Deformation damage computes the amount of energy required to push an object beyond its breaking point. More elastic things (skin) require more energy to break because they can contort to a greater degree before breaking. Less elastic things (a board) only need to bend a little before they break but require more energy in order to make that initial bend. To achieve this energy, we need to know four things:
- e, the coefficient of restitution: this is a measure of how elastic the collision is. Skin is more elastic than a board. Rock is less elastic than skin. That’s why breaking a board with a rock of the same mass as your fist moving at the same speed as your first would require less energy.
- v, velocity of the striking object
- m1, the mass of the object being struck
- m2, the mass of the striking object
The function is:
Since this function is proportional to the square of velocity of the striking object, the faster its moving, the more energy will be transferred into the struck object. e can be better optimized (that is, the energy created is increased) when you are hitting with hard fists. The mass of the striking object is improved when the fist is heavier—but not so heavy that it cannot be accelerated to reach a high enough velocity to create as much energy as a lighter object.
Thus we have the golden ratio of karate: strength to mass. We want to find the equilibrium between the mass of an object and the force it takes to accelerate it. Too much mass and we can’t get the fist up to the same velocity. Too little, and the strike has less damage.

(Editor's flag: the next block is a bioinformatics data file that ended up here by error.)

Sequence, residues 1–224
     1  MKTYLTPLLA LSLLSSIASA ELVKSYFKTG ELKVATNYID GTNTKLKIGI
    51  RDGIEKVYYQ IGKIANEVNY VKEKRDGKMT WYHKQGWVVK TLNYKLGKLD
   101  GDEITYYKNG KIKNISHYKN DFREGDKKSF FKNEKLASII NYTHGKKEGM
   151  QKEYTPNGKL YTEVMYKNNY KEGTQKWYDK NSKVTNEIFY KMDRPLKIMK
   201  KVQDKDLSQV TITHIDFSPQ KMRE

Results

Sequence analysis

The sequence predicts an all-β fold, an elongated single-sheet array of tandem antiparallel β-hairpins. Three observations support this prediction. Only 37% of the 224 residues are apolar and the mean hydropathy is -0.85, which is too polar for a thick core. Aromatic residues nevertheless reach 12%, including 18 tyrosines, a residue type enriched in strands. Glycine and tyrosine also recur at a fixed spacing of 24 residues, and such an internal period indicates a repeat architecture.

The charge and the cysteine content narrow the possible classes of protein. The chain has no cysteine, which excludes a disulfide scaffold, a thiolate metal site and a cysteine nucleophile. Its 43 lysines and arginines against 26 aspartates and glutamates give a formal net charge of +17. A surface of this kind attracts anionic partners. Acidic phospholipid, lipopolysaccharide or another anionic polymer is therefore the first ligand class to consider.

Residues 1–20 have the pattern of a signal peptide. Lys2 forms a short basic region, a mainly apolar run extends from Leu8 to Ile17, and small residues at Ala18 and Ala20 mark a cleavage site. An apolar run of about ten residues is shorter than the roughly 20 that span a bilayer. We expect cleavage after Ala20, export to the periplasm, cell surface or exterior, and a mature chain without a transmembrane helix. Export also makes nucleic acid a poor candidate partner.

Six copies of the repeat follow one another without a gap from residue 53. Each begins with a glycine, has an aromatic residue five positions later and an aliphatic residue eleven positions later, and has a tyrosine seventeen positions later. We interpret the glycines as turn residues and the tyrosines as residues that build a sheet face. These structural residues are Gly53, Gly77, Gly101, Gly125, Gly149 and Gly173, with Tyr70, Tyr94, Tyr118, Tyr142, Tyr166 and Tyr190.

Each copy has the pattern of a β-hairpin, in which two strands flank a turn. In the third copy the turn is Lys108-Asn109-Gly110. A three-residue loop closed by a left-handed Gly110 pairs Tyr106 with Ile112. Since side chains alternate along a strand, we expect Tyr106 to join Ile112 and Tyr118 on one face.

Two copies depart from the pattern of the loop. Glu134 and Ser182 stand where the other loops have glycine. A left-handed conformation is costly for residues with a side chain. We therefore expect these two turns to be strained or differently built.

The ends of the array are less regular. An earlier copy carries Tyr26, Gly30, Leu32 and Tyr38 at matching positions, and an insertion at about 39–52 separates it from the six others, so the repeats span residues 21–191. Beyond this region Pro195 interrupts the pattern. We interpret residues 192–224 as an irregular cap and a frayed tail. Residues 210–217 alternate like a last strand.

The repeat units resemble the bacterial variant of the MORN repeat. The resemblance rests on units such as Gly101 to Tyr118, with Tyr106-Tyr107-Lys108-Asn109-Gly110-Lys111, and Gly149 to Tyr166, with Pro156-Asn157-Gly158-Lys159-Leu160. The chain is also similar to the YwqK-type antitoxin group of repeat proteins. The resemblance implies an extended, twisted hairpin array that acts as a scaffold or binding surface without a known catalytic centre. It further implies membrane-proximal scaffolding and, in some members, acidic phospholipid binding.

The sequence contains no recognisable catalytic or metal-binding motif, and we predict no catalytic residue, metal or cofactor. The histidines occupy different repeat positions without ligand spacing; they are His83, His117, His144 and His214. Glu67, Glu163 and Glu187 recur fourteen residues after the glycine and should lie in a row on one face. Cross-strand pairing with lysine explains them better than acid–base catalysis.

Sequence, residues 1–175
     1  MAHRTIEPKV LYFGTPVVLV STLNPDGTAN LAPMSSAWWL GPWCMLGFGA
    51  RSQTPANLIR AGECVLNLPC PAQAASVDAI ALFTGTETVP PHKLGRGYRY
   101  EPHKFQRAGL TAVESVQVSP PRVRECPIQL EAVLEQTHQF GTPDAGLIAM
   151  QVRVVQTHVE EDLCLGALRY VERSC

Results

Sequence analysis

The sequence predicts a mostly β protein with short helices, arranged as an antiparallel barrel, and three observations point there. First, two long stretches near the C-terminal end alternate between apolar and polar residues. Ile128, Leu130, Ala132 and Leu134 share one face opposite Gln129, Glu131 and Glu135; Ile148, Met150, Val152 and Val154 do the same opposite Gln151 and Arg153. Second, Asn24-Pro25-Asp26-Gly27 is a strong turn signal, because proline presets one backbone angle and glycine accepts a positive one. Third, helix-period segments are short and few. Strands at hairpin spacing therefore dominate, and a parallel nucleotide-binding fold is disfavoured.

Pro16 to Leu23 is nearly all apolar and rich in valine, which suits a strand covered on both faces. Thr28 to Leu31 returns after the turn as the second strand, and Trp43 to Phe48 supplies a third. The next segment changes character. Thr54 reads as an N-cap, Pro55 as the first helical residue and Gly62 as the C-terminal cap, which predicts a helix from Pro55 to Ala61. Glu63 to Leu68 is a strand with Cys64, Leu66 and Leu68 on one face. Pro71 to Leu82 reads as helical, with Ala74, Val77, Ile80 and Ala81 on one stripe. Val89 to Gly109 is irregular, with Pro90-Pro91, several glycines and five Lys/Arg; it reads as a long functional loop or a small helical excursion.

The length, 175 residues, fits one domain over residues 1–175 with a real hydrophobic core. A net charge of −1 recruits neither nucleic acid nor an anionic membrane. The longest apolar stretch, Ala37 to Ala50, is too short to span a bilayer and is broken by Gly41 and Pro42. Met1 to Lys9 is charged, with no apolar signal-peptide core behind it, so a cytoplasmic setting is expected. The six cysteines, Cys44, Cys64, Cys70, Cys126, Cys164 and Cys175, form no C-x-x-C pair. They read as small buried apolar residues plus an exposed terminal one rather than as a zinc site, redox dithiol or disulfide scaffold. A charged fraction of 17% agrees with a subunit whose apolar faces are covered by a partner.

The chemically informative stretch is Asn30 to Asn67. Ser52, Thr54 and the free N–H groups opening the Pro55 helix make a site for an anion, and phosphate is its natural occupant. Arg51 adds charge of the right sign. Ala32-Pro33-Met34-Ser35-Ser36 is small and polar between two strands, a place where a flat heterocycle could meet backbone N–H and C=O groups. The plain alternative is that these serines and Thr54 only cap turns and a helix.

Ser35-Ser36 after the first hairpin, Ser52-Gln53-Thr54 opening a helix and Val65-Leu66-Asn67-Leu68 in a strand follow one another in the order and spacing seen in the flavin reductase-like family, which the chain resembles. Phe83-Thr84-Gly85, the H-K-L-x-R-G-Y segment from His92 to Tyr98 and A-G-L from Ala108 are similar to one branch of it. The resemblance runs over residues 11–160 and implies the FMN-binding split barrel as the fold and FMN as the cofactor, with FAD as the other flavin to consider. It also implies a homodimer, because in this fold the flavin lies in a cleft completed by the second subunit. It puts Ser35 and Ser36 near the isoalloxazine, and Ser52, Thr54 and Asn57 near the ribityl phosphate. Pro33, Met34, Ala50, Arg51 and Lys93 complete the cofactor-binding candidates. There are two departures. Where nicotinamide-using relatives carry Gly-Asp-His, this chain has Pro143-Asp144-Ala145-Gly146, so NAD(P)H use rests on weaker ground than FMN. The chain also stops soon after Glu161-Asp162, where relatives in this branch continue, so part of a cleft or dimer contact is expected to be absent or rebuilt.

What have we hoped to learn today? We’ve gained some insight into why we try to generate so much force in our karate techniques. Increased force leads to increased acceleration. Rapidly accelerating gets our fist up to its top speed in preparation for delivery of a technique. A mass moving with as much velocity as we can muster has a better chance of transferring all the energy needed to deform a target beyond its limits, breaking a board or disabling an opponent.
But we need to keep a mind on fitness. From what I can tell, hard fists, connected muscles that utilize as many forces as possible, and a balanced weight (more accurately, mass) will result in increased damage.
I hope I haven’t made any incorrect statements here. Please let me know if there are things that are wrong or if we can extend it without causing our brains to explode from the complexity of it all.